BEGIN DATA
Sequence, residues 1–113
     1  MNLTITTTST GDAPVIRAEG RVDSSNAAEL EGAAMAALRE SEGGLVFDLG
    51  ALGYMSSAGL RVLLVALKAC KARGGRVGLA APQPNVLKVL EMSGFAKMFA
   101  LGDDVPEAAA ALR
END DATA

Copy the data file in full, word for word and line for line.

Sequence, residues 1–113
     1  MNLTITTTST GDAPVIRAEG RVDSSNAAEL EGAAMAALRE SEGGLVFDLG
    51  ALGYMSSAGL RVLLVALKAC KARGGRVGLA APQPNVLKVL EMSGFAKMFA
   101  LGDDVPEAAA ALR